It feels like I just moved into college yesterday—like my mom and dad just kissed me on the cheek and left me to unpack my life and my dreams in this tiny room. I remember there being nothing but excitement then, and excitement stayed for a long while; other emotions didn’t come until later.
Nearly two whole semesters have passed. I’ve walked the sidewalks, eaten the dining hall meals, and woken up for many an early class.
I’ve cried in loneliness, frustration, and thankfulness.
I’ve prayed in hope, disappointment, and confusion.
I’ve laughed in joy.
But mostly, I’ve been amazed time and time again by a God who is never slow to give me what I desperately need.
I think having a strong capacity and love for interpersonal connection is something I’ve been gifted with, and it’s the instrument God has used to show His provision for me in this year of hard transitions. Even when I felt alone, the groundwork for deep friendships was being laid. I couldn’t see it then, but I can see it now.
It makes me think of how a flower has to establish roots before it can grow and blossom. Nobody can really see the directions the roots are going or how fast they’re spreading, but they’re reaching out and fastening to all the right places.
First semester was root growth.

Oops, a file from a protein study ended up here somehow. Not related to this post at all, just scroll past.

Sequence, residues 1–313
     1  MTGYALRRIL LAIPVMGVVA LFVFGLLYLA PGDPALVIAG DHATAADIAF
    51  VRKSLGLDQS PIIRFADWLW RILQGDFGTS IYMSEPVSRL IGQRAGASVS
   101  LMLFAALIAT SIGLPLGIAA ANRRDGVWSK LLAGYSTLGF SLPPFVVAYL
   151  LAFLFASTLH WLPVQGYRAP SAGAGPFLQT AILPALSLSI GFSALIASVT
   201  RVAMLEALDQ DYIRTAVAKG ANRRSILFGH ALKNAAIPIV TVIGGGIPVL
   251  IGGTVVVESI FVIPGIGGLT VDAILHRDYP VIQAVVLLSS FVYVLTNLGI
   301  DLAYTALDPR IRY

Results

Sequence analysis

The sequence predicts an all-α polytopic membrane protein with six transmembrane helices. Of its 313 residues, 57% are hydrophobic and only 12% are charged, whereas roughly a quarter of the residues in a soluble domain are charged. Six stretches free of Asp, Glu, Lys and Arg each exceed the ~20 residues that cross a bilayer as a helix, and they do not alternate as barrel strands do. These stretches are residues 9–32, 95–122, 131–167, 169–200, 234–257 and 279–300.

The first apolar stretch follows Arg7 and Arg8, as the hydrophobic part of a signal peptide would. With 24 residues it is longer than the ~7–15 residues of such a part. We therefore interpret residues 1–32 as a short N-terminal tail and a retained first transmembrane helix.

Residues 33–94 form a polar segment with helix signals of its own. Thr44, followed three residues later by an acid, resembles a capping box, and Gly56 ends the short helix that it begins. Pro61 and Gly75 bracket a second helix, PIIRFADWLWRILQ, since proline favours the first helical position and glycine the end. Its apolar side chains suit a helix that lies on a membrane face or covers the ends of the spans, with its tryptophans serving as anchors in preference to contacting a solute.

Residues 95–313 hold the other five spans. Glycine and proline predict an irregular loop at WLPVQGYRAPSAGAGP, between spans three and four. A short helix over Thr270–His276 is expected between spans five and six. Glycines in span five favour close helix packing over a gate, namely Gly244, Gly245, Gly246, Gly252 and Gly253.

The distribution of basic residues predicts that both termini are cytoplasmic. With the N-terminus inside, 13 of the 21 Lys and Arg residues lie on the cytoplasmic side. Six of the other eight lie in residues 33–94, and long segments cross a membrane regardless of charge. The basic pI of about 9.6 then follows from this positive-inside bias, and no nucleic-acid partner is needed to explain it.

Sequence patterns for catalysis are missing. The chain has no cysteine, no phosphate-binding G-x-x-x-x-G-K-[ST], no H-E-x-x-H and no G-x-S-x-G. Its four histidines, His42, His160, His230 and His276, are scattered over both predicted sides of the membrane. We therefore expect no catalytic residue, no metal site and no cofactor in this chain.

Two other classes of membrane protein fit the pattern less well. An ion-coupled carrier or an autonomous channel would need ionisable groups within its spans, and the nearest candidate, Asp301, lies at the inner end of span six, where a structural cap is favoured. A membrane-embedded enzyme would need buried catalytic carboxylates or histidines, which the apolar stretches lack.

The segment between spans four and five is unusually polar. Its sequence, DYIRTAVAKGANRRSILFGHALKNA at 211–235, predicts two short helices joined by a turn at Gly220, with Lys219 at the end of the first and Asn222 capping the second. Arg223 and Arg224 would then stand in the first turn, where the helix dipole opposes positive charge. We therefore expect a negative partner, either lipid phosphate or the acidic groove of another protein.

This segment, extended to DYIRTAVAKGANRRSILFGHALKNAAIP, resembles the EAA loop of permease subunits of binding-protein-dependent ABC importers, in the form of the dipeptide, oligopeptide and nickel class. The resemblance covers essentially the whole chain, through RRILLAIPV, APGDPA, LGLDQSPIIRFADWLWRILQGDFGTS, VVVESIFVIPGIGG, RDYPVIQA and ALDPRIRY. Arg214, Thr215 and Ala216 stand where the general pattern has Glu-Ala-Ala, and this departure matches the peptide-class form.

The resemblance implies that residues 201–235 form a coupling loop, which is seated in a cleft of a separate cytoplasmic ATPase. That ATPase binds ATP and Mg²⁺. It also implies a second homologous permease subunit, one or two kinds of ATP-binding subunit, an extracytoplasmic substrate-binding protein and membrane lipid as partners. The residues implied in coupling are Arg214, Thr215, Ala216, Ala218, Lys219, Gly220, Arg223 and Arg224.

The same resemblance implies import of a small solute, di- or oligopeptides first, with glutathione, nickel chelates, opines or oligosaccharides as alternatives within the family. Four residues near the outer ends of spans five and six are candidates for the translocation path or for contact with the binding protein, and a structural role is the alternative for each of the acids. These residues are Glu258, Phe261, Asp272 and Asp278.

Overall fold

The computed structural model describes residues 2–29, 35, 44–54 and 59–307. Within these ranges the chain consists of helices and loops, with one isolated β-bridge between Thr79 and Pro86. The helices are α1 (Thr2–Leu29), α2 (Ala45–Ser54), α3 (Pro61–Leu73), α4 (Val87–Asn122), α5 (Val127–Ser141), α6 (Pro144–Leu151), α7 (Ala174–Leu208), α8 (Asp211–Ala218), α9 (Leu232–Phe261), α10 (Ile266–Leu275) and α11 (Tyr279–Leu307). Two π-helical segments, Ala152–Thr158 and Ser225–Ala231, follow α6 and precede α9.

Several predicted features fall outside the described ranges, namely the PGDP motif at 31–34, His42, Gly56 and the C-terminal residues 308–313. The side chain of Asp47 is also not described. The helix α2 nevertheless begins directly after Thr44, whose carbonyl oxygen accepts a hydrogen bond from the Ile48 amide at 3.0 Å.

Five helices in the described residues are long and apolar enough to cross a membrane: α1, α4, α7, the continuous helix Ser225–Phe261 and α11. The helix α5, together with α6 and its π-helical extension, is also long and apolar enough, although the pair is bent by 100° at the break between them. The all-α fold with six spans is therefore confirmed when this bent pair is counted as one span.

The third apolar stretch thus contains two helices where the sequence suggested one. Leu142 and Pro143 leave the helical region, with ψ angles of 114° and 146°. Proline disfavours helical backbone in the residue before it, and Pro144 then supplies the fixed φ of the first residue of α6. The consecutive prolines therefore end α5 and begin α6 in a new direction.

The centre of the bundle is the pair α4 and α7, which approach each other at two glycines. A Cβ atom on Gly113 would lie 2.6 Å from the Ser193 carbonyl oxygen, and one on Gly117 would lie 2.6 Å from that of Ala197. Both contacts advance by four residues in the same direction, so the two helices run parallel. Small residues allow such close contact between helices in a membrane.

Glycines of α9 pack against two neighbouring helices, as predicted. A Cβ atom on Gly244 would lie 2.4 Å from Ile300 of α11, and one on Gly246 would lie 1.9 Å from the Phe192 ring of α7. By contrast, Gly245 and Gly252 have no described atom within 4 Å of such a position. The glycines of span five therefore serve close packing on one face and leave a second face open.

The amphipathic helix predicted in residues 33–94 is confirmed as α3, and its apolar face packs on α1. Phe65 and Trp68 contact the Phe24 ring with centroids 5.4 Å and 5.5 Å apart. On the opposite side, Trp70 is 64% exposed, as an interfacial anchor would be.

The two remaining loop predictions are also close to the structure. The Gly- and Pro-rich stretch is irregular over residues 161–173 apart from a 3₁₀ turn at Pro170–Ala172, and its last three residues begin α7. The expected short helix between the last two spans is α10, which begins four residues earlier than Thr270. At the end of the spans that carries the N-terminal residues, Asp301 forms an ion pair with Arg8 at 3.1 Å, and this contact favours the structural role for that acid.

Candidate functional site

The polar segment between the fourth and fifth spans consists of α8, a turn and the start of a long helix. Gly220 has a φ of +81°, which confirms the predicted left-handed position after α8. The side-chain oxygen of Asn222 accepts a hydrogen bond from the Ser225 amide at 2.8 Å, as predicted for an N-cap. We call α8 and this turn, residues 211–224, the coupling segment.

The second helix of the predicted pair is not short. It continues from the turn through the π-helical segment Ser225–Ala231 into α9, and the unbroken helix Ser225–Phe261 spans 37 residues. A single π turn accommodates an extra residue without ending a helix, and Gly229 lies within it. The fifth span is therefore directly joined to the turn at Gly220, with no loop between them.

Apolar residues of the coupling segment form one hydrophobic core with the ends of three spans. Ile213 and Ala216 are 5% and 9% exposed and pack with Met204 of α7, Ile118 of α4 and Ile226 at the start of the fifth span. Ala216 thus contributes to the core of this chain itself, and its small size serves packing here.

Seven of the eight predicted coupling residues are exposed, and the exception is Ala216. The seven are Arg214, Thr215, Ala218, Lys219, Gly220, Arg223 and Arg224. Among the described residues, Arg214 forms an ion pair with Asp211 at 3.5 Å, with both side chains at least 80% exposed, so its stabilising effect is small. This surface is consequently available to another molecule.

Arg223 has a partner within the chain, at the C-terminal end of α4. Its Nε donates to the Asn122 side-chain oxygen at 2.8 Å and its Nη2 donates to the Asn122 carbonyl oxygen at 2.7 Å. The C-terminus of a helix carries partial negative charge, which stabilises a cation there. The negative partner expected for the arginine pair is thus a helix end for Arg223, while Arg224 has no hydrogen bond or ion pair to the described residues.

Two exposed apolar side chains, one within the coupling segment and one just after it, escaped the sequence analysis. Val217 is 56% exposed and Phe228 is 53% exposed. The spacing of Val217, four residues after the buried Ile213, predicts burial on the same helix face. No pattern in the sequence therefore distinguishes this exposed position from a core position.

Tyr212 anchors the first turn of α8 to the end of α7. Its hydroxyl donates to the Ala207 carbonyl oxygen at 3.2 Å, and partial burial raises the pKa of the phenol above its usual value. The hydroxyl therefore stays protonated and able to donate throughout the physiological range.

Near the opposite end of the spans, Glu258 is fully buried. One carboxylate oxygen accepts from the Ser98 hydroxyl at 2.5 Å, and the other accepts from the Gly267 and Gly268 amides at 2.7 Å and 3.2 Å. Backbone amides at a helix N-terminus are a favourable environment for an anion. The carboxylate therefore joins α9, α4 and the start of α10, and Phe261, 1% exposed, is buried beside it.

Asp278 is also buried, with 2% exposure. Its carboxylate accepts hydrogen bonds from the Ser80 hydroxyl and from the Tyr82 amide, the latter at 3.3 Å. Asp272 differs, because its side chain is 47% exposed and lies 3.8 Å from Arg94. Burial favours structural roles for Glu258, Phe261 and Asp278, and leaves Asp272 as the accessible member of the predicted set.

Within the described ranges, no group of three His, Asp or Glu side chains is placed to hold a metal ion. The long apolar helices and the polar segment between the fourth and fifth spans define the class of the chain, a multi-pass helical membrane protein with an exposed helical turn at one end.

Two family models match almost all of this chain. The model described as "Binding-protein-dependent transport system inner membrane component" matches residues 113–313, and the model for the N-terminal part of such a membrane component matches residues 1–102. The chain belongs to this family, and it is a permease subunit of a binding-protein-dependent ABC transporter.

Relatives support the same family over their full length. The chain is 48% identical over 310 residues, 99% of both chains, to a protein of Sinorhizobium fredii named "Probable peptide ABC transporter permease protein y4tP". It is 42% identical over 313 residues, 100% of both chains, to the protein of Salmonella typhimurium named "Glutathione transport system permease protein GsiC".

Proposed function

Second semester was an extravagant explosion of color and life, of friends and memories and grace on top of grace.
I reminisce with my sweet friends about our friendships all the time. It’s cool because they can see the roots now, too, like a slow-motion video someone took of a plant in a transparent pot. We laugh about our first encounters with each other and how we didn’t know just how close we would become.
One thing I’ve noticed about the friends I’ve made at college is that whether I was actively searching for them or not, they were all surprising to me. I guess sometimes you end up being best friends with the tall, funny girl you meet your first day on campus, and sometimes you share chocolate with a girl in your building and become friends that way, too.
And then there are still other times—like when a person you’ve only talked to once decides to come eat breakfast with you. All three turn into some really pretty flowers.
I never thought I’d make the dearest friends of my life in this first year of college, but by the grace of God, I have.
And I think that’s why I’m struggling to imagine my last days of this season, approaching all too quickly.
I really love the beautiful friendships that God has cultivated, yet I’m keenly aware that when seasons end, flowers have a chance of dying out.
I can easily admit I’m afraid of change and I’m afraid of loss. So leaving for the summer and not knowing what I’ll return to is kind of scary to me.
But in His goodness, the One who established beauty in this season will maintain it in the next. The flowers might look a bit different; perhaps some won’t be as big and vibrant, but it might turn out that what I thought were flowers this season were really just buds—just the beginning of deeply moving and abiding friendships.
With that promise as my roots, I’m choosing to finish my days as a college freshman in joy—eagerly awaiting the growth my gardner will bring, and praying I’ll continue to blossom, too.